Missouri woman dies from extremely rare tick-borne Bourbon virus

A Missouri mother of three died after contracting a rare, tick-borne illness called Bourbon virus that was first discovered only three years ago.

Tamela Wilson, 58, worked at the Meramec State Park in Sullivan, Missouri, for over a decade, so she didn't panic when she spotted two seed ticks on her skin in late May, according to CBS News.

The veteran outdoorswoman simply pulled the creatures off and went on with her day.

But just three days after removing the ticks, Wilson started to feel ill and went to see her primary care physician, who initially diagnosed her with a urinary tract infection and gave her antibiotics.

One day after her initial doctor's visit, Wilson returned to her physician complaining of severe headaches, pain and a light rash.

After tests revealed she had a low white blood cell count, Wilson was admitted to Barnes-Jewish Hospital in St. Louis where she was eventually diagnosed with Bourbon virus.

Bourbon virus is an extremely rare tick-borne illness that was first discovered in Bourbon County, Kansas, in 2014.

CBS reports that Wilson is only the fifth confirmed case of the deadly virus since its discovery.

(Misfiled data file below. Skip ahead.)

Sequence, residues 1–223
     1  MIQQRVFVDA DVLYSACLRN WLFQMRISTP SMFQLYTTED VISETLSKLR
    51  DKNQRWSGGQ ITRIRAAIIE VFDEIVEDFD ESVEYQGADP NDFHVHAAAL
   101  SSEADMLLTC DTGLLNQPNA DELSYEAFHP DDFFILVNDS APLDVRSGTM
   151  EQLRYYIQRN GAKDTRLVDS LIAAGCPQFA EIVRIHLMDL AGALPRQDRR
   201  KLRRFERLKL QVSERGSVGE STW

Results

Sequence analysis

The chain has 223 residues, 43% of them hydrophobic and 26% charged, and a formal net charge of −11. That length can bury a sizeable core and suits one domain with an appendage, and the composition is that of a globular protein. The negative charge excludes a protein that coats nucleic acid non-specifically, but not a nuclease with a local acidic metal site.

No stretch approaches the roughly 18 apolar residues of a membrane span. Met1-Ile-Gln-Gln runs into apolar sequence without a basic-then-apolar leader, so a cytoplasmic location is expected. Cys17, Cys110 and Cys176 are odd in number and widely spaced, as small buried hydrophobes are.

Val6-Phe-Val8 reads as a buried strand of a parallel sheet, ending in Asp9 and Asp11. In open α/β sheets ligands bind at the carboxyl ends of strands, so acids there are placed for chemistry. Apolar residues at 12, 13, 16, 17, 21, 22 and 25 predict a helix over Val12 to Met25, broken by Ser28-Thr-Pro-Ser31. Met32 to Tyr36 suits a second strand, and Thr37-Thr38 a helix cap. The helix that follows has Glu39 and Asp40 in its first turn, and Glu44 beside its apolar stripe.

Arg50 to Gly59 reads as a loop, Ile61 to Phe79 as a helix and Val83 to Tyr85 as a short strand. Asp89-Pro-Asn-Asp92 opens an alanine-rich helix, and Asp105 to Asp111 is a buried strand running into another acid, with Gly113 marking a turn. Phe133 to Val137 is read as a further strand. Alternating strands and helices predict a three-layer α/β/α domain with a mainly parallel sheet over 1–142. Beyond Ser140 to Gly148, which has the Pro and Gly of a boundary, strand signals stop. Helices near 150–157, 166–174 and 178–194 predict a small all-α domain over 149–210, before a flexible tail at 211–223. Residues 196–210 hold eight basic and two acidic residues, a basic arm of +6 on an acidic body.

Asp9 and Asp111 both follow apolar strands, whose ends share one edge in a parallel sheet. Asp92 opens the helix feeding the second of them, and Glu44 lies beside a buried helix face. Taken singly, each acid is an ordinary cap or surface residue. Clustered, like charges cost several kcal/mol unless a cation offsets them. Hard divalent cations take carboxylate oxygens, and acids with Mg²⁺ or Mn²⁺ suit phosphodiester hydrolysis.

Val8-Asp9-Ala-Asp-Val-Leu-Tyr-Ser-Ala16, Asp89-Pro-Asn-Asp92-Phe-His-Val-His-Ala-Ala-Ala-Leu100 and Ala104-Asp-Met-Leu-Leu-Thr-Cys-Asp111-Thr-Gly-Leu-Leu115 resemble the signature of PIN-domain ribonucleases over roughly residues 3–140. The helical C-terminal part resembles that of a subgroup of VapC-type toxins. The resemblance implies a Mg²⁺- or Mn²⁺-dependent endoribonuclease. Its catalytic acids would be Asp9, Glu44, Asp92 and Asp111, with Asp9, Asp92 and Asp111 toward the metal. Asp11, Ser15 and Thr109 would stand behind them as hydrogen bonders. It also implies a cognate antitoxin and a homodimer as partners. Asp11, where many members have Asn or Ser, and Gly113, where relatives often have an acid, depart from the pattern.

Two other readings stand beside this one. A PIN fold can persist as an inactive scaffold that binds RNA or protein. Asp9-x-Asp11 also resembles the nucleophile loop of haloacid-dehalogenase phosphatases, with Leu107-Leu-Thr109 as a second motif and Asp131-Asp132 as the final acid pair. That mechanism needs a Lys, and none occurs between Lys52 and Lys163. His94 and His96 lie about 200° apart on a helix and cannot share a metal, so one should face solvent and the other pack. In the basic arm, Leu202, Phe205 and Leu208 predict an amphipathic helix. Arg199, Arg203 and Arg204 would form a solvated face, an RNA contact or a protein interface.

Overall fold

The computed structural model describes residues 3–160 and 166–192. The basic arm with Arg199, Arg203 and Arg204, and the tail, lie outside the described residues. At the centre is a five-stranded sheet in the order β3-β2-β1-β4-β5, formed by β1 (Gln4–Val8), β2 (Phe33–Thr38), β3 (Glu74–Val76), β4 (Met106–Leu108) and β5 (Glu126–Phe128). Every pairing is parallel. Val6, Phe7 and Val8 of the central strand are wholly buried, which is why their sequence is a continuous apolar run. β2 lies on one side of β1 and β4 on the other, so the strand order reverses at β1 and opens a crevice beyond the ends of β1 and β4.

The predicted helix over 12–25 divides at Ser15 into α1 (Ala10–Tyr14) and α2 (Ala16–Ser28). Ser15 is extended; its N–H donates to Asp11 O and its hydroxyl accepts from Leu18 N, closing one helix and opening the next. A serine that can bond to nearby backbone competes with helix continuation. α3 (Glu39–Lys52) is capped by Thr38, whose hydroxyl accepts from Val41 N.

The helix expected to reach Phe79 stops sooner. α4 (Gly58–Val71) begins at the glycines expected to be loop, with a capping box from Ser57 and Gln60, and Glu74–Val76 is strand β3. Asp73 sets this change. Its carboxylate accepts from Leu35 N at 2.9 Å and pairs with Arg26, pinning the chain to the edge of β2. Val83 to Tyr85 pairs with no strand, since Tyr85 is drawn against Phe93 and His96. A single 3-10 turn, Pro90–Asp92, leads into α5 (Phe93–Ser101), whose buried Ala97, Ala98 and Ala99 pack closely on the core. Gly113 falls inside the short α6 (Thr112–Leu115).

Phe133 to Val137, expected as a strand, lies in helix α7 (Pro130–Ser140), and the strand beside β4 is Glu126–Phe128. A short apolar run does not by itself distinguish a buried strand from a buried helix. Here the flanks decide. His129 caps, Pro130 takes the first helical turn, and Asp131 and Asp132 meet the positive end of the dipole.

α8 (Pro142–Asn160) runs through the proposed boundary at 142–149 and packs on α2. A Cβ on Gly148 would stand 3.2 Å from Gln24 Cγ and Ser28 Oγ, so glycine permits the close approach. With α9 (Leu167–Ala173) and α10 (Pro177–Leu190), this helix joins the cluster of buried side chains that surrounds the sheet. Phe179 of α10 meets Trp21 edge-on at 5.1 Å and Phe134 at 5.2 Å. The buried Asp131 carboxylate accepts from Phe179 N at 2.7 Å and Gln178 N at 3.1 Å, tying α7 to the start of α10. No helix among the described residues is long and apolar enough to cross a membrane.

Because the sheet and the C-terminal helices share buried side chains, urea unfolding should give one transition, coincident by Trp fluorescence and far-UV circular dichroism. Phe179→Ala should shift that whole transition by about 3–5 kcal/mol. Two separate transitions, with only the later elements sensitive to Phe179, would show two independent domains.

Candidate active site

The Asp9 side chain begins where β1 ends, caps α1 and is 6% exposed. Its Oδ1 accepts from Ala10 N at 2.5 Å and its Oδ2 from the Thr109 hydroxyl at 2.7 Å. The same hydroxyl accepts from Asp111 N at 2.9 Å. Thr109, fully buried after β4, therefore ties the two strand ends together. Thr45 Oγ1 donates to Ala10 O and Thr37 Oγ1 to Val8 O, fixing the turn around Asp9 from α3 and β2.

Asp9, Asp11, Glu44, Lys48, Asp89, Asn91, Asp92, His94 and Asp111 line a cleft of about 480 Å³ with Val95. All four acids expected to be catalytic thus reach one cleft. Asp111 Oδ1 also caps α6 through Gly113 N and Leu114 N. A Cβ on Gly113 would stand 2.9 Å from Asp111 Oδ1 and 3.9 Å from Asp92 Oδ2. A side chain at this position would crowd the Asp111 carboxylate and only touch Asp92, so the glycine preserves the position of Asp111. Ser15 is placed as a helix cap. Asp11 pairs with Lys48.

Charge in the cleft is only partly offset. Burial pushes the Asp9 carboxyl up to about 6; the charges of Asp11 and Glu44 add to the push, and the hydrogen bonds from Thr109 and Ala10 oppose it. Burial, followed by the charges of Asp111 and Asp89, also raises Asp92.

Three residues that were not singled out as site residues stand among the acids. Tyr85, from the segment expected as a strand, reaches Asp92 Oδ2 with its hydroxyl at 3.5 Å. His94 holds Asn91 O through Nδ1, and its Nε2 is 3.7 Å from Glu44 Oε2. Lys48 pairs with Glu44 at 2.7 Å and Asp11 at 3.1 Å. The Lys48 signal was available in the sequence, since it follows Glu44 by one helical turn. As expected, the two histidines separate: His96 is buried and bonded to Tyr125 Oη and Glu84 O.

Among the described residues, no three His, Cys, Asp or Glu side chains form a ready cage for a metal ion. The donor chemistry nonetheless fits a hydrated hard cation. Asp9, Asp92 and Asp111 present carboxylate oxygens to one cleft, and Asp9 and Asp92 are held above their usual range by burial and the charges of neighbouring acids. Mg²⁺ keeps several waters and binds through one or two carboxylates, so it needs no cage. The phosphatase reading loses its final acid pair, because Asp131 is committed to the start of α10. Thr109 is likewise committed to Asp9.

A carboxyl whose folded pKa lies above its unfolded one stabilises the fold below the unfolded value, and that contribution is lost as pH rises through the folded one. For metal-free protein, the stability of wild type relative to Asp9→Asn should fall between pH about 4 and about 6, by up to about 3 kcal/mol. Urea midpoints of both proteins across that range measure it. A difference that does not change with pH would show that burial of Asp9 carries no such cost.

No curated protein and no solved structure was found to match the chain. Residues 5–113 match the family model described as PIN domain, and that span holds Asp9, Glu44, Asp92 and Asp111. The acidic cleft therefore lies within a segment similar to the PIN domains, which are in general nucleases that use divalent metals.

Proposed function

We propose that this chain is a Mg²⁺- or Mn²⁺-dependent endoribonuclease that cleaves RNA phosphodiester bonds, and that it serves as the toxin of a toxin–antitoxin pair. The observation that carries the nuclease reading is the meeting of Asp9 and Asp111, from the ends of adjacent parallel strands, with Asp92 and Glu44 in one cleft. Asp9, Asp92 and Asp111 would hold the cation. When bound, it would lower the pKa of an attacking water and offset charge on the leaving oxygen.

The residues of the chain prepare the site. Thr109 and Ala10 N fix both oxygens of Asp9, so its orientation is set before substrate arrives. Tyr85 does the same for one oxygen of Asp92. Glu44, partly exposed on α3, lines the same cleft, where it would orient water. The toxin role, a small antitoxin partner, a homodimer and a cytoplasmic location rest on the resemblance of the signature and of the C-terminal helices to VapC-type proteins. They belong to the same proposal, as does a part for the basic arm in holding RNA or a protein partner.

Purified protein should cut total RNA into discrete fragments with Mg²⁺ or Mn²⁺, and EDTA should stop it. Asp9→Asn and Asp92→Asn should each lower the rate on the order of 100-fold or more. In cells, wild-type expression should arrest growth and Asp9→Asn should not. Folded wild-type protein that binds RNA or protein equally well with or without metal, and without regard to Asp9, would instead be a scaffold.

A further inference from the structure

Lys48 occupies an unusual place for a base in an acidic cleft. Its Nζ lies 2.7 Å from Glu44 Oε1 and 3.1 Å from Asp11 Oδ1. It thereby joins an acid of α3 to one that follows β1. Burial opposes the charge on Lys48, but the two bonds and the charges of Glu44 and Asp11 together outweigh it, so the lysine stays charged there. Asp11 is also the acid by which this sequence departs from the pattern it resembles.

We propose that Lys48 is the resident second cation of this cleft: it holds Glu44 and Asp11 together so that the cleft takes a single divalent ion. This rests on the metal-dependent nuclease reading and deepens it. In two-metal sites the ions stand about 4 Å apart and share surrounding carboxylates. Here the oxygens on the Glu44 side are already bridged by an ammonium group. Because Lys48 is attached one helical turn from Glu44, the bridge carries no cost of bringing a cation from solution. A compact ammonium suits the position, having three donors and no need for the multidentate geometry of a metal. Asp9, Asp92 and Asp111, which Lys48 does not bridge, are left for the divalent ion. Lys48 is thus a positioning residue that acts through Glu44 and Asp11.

According to the CDC, symptoms of the disease included fever, fatigue, rash, headache, body aches, loss of appetite, nausea and vomiting.

Because there is no cure for the illness, doctors are only able to treat a patient's symptoms while allowing the virus to run its course.

Unfortunately, Wilson was never able to recover from the illness. She passed away in the hospital on June 23.

"You wouldn't want this for your worst enemy," Wilson's stepmother Kathy Potter told KMOV. "It makes you fearful about going outside."

Since there is no vaccine or drug to prevent or treat Bourbon virus disease, the CDC recommends avoiding bites from ticks and other insects as the best way to prevent infection.

Click through to see how you can avoid tick bites: